Published: March 2018
Otto Kretschmer was only in combat from September 1939 until March 1941 but was Germany's highest-scoring U-boat commander sinking 47 ships totalling 274,333 tons. This definitive work details his personal story and the political backdrop from his earliest days. Aged 17 he spent 8 months studying literature at Exeter University where he learned to speak English fluently. The following year, on 1 April 1930, he enlisted as an officer candidate in the Weimar Republic's small navy.
After completing his officer training and time on the training ship Niobe he served aboard the light cruiser Emden. In December 1934 he was transferred to the light cruiser Köln, then in January 1936 made the move to the fledgling U-boat service. His first operational posting was to the 2nd U-Flotilla’s Type VII U35 where he almost being drowned during training in the Baltic Sea! During the Spanish Civil War, he was involved in several patrols as part of the international non-intervention force.
He was finally given command of U23, a post which he held until April 1940. He had already sunk 8 ships including the destroyer HMS Daring east of Pentland Firth on 18 February 1940. He demonstrated a cool approach to combat: his mantra ‘one torpedo for one ship’ proved that the best way for his boat to succeed against a convoy was to remain surfaced as much as possible, penetrating the convoy and using the boat’s high speed and small silhouette to avoid retaliation.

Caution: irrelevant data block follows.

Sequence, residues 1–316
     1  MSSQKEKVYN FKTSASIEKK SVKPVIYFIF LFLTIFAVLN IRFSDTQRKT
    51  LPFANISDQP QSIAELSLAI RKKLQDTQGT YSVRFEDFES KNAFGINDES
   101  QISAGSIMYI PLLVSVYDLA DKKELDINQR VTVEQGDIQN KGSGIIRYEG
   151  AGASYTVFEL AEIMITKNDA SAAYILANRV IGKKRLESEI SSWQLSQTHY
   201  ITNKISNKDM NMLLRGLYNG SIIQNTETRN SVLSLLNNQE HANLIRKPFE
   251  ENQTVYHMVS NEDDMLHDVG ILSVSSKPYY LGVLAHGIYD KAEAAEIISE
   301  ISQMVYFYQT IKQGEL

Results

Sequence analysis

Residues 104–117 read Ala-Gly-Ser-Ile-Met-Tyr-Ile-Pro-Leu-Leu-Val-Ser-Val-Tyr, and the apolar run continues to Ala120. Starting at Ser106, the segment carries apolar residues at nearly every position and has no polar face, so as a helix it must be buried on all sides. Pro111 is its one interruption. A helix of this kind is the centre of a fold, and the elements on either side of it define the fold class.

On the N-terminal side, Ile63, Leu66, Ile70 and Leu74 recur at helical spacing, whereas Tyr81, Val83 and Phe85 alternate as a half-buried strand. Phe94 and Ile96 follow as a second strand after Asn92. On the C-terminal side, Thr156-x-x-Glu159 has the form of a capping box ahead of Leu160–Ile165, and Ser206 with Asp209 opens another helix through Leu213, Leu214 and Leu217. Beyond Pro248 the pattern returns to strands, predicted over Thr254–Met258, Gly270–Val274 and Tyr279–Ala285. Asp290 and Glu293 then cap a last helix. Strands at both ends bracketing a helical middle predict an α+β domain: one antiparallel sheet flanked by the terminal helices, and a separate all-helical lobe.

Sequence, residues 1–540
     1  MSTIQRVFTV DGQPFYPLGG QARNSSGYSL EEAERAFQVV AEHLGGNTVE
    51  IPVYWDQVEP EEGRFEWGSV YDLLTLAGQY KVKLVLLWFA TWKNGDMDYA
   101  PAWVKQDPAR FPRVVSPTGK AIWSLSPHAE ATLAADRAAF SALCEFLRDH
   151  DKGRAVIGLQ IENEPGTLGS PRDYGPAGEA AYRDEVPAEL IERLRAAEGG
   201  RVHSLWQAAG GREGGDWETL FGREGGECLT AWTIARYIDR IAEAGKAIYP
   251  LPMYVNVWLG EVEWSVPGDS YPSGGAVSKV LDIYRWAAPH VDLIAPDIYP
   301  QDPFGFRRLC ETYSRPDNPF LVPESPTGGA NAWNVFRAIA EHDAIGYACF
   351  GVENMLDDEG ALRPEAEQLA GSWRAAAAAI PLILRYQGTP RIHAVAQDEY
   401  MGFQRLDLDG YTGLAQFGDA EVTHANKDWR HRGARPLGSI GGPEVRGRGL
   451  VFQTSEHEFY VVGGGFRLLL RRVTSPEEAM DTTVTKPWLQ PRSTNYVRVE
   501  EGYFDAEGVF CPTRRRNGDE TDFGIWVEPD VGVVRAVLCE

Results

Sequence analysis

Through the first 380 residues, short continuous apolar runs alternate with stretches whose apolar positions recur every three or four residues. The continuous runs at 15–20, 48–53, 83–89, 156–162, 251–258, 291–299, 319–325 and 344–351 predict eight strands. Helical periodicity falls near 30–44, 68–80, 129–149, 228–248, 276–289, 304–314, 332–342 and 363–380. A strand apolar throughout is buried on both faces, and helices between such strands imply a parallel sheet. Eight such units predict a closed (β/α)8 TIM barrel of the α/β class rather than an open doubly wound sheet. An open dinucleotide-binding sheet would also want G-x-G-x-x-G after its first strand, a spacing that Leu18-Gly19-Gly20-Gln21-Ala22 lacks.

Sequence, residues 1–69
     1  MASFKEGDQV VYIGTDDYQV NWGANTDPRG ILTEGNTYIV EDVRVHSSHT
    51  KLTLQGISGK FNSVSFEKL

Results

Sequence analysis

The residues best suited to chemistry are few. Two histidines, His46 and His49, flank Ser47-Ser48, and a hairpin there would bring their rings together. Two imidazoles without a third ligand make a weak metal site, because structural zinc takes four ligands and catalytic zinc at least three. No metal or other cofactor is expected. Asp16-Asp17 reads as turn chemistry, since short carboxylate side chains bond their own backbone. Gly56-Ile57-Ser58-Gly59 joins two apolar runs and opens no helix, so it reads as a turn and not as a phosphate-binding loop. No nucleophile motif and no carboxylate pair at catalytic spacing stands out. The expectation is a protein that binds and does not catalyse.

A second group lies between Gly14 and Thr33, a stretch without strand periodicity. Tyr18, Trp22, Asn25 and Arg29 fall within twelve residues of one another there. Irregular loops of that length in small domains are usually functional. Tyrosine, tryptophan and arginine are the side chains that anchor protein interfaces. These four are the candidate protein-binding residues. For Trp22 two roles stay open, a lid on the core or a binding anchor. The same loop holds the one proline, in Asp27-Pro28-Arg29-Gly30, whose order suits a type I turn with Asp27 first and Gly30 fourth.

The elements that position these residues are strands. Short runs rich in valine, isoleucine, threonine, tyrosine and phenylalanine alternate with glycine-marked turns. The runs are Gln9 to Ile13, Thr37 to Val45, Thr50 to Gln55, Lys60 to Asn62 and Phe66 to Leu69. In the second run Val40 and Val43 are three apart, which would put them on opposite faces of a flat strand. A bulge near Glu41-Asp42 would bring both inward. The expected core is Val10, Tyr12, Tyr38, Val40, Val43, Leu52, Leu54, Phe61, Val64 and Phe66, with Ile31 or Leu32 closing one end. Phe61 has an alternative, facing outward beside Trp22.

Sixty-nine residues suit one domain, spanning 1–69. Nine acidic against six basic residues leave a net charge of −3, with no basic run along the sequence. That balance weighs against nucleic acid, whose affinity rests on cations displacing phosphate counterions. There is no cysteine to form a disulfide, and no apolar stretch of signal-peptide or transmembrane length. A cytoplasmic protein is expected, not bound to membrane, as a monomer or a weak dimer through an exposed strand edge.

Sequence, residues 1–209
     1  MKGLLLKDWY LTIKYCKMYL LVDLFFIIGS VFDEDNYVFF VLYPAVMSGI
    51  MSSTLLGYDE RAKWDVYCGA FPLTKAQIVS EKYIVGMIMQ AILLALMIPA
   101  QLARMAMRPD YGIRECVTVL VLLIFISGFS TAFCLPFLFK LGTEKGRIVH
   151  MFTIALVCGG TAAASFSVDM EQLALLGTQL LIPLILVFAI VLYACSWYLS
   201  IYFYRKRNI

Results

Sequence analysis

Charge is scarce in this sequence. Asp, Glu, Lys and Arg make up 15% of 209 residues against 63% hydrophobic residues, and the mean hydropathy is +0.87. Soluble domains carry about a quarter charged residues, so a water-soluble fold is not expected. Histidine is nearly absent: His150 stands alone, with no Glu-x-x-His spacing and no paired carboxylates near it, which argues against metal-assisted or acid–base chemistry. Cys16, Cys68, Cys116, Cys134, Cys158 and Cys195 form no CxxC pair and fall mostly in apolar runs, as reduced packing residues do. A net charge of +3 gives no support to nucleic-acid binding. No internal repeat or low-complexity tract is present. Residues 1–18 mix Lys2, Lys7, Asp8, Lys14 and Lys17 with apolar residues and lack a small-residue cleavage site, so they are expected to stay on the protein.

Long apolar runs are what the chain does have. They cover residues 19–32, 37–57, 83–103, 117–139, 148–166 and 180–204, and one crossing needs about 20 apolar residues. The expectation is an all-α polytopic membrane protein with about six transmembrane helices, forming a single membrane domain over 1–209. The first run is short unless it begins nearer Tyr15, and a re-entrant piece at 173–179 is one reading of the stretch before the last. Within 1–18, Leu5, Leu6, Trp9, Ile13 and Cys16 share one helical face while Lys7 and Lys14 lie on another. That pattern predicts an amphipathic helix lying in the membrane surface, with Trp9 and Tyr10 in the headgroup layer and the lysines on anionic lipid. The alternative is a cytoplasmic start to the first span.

His nickname ‘Silent Otto’ referred to his ability to remain undetected and his reluctance to provide the regular radio reports required by Dönitz: he had guessed that the Allies had broken German codes. Alongside his military skill was a character that remained rooted in the traditions of the Prussian military. While other U-boat commanders and crew returned from patrol with beards and a relaxed demeanour, U99 always returned with all men clean-shaven and paraded on deck.
In the Bowmanville POW camp he organised a 2-way radio link to the German Naval High Command and planned a mass breakout with a U-boat rendezvous arranged. He was also instrumental in the ‘Battle of Bowmanville’ that lasted for 3 days in October 1942. His antics behind the wire became the inspiration for the 1970 film ‘The McKenzie Break’.
Postwar he answered the call for volunteers upon the establishment of the Bundesmarine. He retired from the rank of Flotillenadmiral in 1970. He suffered a fall celebrating his 50th wedding anniversary aboard a boat and died two days later at the age of 86.